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Antibiotics in development not enough to tackle 'superbugs'- WHO

·2 min read

April 15 (Reuters) - None of the 43 antibiotics currently in development as well as recently approved medicines are enough to combat the increasing emergence and spread of antimicrobial resistance, the World Health Organization cautioned on Thursday.

Almost all new antibiotics brought to market in recent years are variations of drug classes discovered decades ago, according to a WHO report released on Thursday, underscoring just how insufficient they may be in tackling antimicrobial resistance (AMR). (https://bit.ly/3tjYiw0)

Drug resistance is driven by the misuse and overuse of antibiotics and other antimicrobials, which encourages bacteria to evolve into "superbugs" and find new ways to beat the medicines. Previous studies have estimated AMR will kill tens of millions of people every year after 2050. (https://bit.ly/3uMxSmE)

Out of the 43 antibiotics in development, the WHO said 26 drugs target the 13 most dangerous "superbugs". But the health agency said most of these antibiotics are derivatives of existing classes, which could result in "rapid emergence of drug-resistance."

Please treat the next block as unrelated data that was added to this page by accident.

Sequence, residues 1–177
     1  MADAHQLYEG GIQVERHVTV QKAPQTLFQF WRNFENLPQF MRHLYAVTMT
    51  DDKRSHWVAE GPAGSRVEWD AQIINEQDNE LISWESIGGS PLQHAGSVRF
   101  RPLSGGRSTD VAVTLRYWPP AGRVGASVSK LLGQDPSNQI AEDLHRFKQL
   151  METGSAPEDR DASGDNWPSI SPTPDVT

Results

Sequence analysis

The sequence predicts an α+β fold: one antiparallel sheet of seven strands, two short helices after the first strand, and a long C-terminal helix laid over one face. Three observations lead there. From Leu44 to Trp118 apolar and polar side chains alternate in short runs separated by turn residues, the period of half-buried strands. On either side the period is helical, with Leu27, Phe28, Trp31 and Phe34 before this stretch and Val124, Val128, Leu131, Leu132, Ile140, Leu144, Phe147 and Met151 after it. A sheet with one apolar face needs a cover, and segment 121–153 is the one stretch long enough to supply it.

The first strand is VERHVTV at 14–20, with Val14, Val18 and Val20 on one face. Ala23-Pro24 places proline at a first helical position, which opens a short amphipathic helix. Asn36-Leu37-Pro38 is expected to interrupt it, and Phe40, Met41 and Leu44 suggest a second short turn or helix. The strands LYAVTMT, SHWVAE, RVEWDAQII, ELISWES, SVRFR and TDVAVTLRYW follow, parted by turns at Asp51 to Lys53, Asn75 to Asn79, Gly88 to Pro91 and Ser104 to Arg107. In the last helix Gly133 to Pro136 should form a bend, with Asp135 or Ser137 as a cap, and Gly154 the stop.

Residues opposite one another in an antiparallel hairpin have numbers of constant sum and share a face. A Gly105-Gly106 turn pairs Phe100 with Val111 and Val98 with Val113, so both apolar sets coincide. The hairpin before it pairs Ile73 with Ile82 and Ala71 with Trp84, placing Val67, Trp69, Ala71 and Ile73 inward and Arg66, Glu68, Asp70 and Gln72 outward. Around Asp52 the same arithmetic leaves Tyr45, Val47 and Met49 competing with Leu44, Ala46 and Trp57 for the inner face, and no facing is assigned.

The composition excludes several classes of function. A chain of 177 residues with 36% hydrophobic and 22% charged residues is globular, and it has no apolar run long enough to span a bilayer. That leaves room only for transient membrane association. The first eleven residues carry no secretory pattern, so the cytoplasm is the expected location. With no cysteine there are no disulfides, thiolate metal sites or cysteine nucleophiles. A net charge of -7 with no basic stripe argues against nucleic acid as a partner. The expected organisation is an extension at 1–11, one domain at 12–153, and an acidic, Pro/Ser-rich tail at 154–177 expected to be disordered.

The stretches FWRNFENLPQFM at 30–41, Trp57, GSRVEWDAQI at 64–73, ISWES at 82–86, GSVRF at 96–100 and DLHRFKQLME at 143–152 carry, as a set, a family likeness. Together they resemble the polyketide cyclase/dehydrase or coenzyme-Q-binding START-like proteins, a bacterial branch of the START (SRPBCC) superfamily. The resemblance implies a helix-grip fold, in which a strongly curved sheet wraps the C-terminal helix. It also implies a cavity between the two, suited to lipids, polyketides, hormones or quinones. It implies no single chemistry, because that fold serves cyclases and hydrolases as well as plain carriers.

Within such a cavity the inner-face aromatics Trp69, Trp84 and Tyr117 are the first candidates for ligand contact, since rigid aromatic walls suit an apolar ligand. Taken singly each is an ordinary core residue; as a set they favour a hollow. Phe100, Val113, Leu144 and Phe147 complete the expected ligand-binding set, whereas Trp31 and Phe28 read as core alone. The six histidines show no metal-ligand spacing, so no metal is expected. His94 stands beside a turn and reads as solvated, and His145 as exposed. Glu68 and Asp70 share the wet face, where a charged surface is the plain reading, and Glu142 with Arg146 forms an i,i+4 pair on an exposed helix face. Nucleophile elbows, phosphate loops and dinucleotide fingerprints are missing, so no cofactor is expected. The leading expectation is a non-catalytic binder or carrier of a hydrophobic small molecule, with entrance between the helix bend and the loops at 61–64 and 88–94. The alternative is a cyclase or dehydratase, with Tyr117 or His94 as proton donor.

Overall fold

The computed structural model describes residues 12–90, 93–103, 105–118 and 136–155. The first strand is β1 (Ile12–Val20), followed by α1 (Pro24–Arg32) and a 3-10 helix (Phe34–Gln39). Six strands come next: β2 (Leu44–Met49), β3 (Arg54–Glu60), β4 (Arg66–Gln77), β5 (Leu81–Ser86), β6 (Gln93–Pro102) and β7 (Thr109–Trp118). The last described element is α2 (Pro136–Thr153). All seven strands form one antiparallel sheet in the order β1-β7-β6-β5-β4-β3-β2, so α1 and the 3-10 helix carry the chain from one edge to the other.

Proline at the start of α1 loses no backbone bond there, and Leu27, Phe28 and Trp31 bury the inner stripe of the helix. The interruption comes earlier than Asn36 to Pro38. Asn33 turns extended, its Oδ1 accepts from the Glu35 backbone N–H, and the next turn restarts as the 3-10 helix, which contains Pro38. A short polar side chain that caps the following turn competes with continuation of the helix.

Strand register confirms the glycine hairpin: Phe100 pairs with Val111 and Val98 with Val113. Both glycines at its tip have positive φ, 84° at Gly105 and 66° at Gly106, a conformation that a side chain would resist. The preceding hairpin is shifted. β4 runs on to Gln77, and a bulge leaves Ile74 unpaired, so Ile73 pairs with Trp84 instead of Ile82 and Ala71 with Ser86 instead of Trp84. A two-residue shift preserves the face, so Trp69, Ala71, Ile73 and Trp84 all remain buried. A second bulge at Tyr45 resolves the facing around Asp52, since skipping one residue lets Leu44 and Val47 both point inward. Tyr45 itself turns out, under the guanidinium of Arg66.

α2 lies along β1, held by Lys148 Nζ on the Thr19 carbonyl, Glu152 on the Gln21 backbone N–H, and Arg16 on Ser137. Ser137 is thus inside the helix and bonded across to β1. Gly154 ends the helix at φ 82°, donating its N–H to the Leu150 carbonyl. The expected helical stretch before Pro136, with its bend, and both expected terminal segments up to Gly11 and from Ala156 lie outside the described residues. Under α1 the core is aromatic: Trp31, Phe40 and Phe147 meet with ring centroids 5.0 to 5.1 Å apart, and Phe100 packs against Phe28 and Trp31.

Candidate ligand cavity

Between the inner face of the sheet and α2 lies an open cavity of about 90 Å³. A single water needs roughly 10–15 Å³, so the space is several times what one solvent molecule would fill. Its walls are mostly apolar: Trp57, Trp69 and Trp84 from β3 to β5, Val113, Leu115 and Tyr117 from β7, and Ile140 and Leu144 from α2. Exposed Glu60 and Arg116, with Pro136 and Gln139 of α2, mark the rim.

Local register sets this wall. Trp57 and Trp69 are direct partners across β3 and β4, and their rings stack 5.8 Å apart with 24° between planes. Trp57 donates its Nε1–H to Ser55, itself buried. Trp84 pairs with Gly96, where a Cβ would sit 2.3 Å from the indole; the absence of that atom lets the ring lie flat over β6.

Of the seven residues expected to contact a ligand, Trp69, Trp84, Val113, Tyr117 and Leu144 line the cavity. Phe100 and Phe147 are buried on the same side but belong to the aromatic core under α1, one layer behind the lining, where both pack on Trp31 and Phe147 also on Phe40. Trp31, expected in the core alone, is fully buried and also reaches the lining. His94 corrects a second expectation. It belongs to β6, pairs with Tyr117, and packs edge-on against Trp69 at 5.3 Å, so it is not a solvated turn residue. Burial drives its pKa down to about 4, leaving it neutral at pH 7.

The report said the impact of AMR is now most severe in poorer countries and among the very old or very young, with an estimated 30% of newborns with sepsis dying from bacterial infections that are resistant to first-line antibiotics.

"The persistent failure to develop, manufacture, and distribute effective new antibiotics is further fueling the impact of antimicrobial resistance and threatens our ability to successfully treat bacterial infections," said Dr. Hanan Balkhy, WHO Assistant Director General.

The 2020 annual report reveals a near "static" pipeline, the WHO said, as few antibiotics have been approved by regulatory agencies in recent years, and with big pharma companies losing interest in antibiotics development as it is not seen as profitable.

Large drugmakers Novartis, Bristol Myers Squibb and AstraZeneca Plc have abandoned development of their antibiotic programs in the past few months.

However, for the first time, the agency has included an overview of non-traditional therapies to weaken bacteria, including bacteria-eating viruses called bacteriophages, and immune therapies.

(Reporting by Vishwadha Chander and Manas Mishra in Bengaluru; Editing by Ankur Banerjee and Bernard Orr)